A commercial fishing boat has caught what may have been one of the oldest creatures in Alaska - a giant rock-fish thought to be about 100 years old.
An ear bone containing growth rings helped determine age
The 44in (1.1m), 60lb (27kg) female shortraker rock-fish was hauled in by a Seattle-based vessel, trawling for pollack in the Bering Sea last month.
Scientists estimate the fish was between 90 and 115 years old.
The fish was brought up from a depth of 2,100ft (640m), south of the Pribilof Islands, AP news agency reported.
The discovery was made by the crew of the Kodiak Enterprise, owned by Trident Seafoods, when they pulled up an estimated 75 tons of pollack and 10 rock-fish in March.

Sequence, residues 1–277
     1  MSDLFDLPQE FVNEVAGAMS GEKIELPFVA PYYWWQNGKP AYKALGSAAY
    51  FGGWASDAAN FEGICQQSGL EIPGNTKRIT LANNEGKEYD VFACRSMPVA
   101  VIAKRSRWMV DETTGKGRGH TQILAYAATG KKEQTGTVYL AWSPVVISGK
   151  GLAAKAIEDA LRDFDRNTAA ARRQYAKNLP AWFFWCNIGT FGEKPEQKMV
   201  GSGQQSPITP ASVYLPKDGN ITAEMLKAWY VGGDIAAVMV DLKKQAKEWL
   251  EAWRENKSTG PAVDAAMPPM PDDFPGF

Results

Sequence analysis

The huge specimen was handed over to scientists at the Alaska Fisheries Science Center in Seattle where it was measured, photographed and documented.
The age of the fish was determined by removing an ear bone, known as the otolith, which contains growth rings similar to those in tree trunks.
The estimated age was between 90 and 115 years old - which is towards the upper end of the known age limit for the species, said scientist Paul Spencer.
The contents of the rock-fish's stomach were also examined and tissue samples were taken to measure its reproductive potential.
"The belly was large. The ovaries were full of developing embryos," Mr Spencer said.
However, scientists said the specimen was not the biggest - a 47in (1.19m) shortraker rock-fish has been recorded.